«

»

Mar 28

Values Elicitation Exercise

This exercise is one that I share with my clients in the early days of our coching relationship as it helps me to understand them better.  Often it also helps build awarness for the client as they may not be fully aware of what is most important to them in their personal or professional lives.  By being clear on their values I am able to provide clarifcation to around making choices that are more fulfilling and aligned with their values. We are also able to  strategise appropriate actions according to their values and we can recognise situations where conflciting values may be an issue.

What are values?

Values define who we are.  Values represent our unique and individual essence, your ultimate and most fulfilling form of expression and relating.  When you honour your values on a regular and consistent basis, life is good and fulfilling.  When you are not honouring your values life becomes uncomfortable and unfulfilling.

Honouring your values is about taking congruent action towards expressing your values.

Important life decisions are easier to make and more fulfilling when the decisions are made in honour of your values.

Honouring your values has a three-fold advantage

  1. You will become more motivated towards a specific action
  2. You will undermine the Ego/Gremlin because actions based on your values is more powerful than actions based on your Gremlins reason for taking or not taking another course of action
  3. Life will be more fulfilling.

Vaues elicitation

Consider the follow questions then write words that appropriately describe your response.

Peak Moment.

Identify a moment in your life that was particularly rewarding or poignant.  It is key here to pick a moment i.e. being told something rather than long duration i.e. a holiday.  Now answer the following questions

What was happening?

Who was present?

What was special about that moment?

What feelings did you have at that moment?

What were the values being honoured at that moment?

Suppressed values

Identify a moment that was a low moment in your life.

What was happening?

Who was present?

What was challenging about that moment?

What feelings did you have at that moment?

What values were not being honoured at that moment?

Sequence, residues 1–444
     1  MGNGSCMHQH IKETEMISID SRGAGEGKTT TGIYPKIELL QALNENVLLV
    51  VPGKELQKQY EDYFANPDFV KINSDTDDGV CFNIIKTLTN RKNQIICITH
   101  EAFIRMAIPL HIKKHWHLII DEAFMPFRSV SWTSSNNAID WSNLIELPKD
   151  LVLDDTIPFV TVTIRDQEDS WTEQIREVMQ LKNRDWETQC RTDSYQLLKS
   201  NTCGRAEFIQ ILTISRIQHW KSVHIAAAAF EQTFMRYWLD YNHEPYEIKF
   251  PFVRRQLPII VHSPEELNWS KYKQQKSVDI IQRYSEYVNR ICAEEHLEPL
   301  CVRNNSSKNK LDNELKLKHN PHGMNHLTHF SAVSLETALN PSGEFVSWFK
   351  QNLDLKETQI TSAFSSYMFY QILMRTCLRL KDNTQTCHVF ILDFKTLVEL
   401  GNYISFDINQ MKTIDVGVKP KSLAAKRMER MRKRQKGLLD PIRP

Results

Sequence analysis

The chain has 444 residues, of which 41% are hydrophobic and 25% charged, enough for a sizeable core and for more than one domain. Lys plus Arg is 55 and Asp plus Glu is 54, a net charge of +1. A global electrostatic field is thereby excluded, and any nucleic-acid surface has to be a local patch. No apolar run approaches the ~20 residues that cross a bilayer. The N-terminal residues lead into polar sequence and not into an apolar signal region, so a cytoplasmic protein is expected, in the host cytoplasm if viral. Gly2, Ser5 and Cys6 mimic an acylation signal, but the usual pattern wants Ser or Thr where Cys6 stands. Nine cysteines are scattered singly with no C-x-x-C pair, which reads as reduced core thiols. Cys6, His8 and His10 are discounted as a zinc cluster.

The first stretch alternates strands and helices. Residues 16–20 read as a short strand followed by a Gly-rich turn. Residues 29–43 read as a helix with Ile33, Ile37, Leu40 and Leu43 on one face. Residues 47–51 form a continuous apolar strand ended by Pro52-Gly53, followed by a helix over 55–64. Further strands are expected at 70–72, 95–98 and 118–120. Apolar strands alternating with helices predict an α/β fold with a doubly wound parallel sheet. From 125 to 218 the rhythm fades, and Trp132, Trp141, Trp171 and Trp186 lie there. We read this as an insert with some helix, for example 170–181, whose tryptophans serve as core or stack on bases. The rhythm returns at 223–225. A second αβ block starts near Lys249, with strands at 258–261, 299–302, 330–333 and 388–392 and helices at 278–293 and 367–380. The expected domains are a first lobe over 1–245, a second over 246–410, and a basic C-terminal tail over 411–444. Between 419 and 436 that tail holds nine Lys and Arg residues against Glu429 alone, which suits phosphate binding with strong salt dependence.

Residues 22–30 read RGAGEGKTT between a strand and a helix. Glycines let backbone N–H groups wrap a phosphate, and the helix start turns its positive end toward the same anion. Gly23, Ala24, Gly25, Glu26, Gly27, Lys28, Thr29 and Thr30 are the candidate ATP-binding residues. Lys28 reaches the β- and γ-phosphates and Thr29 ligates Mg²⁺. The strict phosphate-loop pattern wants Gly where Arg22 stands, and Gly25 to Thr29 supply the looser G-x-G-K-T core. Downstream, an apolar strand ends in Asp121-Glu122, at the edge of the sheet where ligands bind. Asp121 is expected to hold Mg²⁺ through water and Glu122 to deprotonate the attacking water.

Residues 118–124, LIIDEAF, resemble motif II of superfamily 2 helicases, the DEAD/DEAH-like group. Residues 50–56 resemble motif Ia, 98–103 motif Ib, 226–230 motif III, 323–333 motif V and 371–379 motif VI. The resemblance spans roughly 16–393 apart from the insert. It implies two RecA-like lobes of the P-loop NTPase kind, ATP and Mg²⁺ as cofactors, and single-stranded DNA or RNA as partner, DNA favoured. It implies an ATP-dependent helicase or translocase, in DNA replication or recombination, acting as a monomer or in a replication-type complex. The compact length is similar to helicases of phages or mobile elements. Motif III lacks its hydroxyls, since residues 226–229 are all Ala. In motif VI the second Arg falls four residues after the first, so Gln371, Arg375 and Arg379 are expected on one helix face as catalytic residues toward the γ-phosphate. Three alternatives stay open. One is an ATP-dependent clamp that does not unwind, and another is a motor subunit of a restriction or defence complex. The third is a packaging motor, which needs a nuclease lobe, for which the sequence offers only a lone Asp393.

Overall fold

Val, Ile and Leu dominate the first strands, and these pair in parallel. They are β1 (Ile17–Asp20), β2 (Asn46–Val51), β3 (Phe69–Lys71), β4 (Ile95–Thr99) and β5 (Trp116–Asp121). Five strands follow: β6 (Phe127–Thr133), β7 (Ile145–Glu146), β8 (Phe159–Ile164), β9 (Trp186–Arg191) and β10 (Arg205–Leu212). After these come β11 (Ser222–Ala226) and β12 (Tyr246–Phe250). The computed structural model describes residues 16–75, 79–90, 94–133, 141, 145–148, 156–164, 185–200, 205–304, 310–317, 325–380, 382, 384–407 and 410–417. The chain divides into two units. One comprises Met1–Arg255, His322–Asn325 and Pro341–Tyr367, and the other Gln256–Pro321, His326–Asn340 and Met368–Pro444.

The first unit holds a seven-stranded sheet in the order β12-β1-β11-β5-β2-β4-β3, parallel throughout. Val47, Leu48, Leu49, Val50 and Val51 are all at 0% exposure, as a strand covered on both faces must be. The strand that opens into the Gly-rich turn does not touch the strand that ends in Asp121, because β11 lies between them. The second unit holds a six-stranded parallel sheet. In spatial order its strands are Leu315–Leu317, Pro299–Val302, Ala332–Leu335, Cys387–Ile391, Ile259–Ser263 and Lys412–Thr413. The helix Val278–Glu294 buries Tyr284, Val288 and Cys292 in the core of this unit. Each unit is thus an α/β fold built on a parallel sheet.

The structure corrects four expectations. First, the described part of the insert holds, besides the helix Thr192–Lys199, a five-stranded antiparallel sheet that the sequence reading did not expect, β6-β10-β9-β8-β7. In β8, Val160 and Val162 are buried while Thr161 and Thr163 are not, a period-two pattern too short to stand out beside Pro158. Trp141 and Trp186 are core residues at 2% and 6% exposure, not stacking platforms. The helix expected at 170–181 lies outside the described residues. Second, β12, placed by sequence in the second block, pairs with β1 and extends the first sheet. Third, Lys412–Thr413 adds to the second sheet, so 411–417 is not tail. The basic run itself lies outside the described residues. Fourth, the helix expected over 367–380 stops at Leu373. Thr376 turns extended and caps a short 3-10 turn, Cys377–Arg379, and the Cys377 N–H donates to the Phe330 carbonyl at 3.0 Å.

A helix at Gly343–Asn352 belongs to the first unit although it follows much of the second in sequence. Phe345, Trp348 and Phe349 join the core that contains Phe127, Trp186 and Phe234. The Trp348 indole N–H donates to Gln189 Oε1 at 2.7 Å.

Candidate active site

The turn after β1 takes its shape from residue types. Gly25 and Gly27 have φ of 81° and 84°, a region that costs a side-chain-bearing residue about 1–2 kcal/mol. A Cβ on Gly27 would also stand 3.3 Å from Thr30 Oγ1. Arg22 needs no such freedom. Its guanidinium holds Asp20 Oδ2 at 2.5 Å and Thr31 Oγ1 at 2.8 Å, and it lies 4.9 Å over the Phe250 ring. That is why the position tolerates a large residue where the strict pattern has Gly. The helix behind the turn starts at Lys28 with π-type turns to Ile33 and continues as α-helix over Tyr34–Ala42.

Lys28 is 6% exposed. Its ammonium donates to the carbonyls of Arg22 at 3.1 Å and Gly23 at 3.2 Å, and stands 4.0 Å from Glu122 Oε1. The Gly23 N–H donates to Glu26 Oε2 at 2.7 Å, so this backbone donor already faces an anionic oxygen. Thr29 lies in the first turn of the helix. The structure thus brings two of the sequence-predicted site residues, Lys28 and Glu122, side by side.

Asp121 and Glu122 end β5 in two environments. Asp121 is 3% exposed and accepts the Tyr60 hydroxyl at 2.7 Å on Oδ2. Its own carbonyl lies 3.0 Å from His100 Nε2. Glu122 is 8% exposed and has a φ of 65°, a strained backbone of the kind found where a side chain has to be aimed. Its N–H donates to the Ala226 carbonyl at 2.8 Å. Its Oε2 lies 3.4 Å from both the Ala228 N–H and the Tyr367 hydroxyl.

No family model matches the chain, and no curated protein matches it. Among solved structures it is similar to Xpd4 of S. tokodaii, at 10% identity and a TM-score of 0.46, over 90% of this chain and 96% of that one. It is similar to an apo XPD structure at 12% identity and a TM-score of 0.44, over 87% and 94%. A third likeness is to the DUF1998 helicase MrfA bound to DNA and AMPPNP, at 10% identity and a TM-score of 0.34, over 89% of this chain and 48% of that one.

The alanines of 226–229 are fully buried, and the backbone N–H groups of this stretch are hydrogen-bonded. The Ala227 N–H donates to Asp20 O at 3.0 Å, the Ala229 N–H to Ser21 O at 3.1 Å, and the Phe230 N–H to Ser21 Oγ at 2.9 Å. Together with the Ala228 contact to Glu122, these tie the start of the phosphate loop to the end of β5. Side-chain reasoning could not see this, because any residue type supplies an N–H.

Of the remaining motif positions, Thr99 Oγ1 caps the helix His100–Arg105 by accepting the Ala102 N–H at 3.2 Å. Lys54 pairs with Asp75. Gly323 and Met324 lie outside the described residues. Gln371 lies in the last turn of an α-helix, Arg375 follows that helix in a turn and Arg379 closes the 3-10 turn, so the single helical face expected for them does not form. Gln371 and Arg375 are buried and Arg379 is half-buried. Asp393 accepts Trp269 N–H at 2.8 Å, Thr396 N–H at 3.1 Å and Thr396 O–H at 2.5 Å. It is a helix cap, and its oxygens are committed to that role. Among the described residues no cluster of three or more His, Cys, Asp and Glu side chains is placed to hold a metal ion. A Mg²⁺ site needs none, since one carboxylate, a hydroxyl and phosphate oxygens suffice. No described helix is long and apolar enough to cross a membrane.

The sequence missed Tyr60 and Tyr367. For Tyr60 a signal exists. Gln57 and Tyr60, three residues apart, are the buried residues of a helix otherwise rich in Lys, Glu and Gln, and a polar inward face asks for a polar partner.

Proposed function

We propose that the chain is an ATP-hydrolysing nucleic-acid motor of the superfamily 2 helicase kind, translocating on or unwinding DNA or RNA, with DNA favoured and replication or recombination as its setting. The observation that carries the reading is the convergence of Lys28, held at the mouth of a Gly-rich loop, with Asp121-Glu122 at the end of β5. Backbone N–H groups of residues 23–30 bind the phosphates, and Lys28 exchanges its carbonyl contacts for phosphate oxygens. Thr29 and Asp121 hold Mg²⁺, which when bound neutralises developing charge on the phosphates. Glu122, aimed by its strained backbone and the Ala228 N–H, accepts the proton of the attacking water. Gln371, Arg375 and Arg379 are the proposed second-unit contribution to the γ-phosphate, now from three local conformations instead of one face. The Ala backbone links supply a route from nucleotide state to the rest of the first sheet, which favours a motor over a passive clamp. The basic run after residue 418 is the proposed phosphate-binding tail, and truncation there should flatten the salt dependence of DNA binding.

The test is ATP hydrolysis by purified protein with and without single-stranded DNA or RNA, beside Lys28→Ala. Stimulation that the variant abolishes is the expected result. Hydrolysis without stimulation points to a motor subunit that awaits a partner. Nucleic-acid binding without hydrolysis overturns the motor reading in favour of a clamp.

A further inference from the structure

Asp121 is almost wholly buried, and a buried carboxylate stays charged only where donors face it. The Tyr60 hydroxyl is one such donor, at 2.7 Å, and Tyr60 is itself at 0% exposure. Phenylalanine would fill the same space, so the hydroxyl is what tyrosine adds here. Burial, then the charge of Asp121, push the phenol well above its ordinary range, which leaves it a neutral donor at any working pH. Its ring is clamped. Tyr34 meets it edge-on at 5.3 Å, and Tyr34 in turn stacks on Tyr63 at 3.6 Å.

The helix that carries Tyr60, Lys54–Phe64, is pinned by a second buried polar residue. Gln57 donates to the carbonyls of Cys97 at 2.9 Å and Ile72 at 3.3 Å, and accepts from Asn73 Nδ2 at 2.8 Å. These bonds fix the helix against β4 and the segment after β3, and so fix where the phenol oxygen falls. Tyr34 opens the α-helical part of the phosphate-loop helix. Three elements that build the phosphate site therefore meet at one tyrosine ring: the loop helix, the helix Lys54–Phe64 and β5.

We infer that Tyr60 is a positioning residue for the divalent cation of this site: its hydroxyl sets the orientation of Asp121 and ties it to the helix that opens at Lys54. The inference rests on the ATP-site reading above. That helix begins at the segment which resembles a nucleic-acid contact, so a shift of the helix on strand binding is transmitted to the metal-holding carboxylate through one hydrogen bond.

Must haves

Beyond the physical requirements of food, shelter and community, what must you have in your life to feel fulfilled?  List at least 5 things

Obsessive Expression

We are all capable of obsessive behaviour, insisting on honouring a value until it becomes a demand rather than a form of self-expression. Our friends and family are very good at pointing out the obsessive expression of a particular value, for instance they may say “You’re too ______” or “You always ________” or “all you think about is _________”.  List some of these here – and remember there is no right or wrong here , there is only what you are.

Here are some more questions to help you uncover your values

  • What qualities do you hold in high regard, when you see those attributes demonstrated in other people?
  • What qualities do you hold in low regard, when you see those attributes demonstrated in other people?
  • What cause or principal would you sacrifice, suffer or maybe even die for?
  • Beyond the physical requirements of food, shelter and community, what must you have in your life to feel fulfilled?  List at least 5 things.

Once you have identified your list of values the next task is put them in order of importance to you.  I recommend a list of no more than 10 values.

  1. Create the list: Start the list by placing what you feel are your most important values at the top.
  2. Test the list: You can then test this and reorder the list by asking yourself the question “Is this value of _____ more important to me than this other value of ______ “.
  3. Reorder the list: values that are more important than other ones should now take a higher place on the list.
0saves
If you enjoyed this post, please consider leaving a comment or subscribing to the RSS feed to have future articles delivered to your feed reader.

About the author

Mark Buchan

Mark is an Agile Consultant and Executive Coach who specialises in working with leadership teams when they are transforming their organisation to a more Agile way of delivery.

2 comments

  1. Matt Terry

    Thanks Mark, once again such a timely post for me! What are your thoughts on specific/vague values? Is it better to have concrete/measurable?

    Thanks in advance!

    1. Mark Buchan

      Great Question Matt.

      The best values are those that are intangible for instance, honour, integrity, trust, courage and so on. from these intangibles we are able to draw on hidden or until the point of access unobtainable sources of inner power. This is when people resign over points of “principle” but in actuality its their values that are being not honoured or lived. Which bring me to the next point of living our values. In the courses that I run I get the teams to do a values exercise but I get them to identify bheaviours – tangible ways in which their values will be met. By living and acting according to our values we demonstrate congruence – alignment of what we espouse along with the convictions of our actions.

      I hope that has answered your question, but if you want some more input I am happy to respond further either by email or skype.

      Mark

Leave a Reply

Your email address will not be published. Required fields are marked *

You may use these HTML tags and attributes: <a href="" title=""> <abbr title=""> <acronym title=""> <b> <blockquote cite=""> <cite> <code> <del datetime=""> <em> <i> <q cite=""> <s> <strike> <strong>

This site is protected by Comment SPAM Wiper.